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Abstract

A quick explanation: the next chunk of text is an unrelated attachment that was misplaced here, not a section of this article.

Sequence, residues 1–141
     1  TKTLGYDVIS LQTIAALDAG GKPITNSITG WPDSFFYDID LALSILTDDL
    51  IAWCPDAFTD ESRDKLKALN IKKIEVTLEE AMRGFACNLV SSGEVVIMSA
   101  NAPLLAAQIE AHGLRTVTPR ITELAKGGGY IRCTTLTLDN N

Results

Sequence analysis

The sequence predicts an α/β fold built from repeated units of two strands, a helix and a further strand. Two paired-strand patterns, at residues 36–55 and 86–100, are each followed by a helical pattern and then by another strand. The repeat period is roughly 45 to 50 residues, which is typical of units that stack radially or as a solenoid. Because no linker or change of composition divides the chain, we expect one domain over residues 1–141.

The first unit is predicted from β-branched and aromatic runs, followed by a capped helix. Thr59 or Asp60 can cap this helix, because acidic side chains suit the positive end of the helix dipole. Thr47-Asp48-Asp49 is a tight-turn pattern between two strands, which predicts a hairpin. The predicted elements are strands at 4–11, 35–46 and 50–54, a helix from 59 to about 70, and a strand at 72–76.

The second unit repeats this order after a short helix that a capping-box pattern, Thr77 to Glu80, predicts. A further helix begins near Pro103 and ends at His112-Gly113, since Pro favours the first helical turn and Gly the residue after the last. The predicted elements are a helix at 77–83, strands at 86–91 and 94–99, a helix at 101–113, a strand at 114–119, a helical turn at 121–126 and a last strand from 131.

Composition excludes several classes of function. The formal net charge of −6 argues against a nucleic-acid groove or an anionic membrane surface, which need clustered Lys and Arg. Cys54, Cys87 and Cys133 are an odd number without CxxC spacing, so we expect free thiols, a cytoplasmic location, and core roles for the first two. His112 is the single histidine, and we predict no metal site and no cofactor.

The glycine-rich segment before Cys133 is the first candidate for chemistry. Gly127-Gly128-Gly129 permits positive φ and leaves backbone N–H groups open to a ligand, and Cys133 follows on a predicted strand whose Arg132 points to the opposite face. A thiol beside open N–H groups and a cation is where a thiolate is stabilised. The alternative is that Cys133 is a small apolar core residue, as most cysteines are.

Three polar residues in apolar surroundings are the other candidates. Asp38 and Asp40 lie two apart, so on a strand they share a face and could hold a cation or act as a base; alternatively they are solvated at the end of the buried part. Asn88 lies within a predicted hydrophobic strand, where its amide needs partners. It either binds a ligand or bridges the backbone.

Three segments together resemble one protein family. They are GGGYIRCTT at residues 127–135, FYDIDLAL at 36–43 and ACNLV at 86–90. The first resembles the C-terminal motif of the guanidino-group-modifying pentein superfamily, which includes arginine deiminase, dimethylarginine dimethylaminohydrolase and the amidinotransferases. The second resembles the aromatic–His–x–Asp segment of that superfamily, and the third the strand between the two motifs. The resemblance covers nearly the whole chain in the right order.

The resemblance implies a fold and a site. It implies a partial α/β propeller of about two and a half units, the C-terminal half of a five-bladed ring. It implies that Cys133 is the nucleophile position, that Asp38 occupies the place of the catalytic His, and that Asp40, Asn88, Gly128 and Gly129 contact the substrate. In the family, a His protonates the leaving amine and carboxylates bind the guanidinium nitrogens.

In complex work settings the design of a system, including the associated work practices, must be completed in use to derive full benefit from the system. We investigate the introduction of an electronic whiteboard throughout a hospital in which management substituted a local design-in-use process, driven by super users, for a centrally organized implementation process. The aim of this study is to investigate the design-in-use approach to systems implementation with respect to the tension that ensued between hospital management’s expectations to the process and the goals pursued in the individual departments. On the basis of interviews we find that many users, including some super users, were skeptical toward design in use, that the process was better suited for intra- than interdepartmental change, and that simultaneous evolution in management’s expectations and the locally pursued goals aggravated the tension. We discuss the circumstances under which a local design-in-use process may, partly, replace conventional systems implementation.

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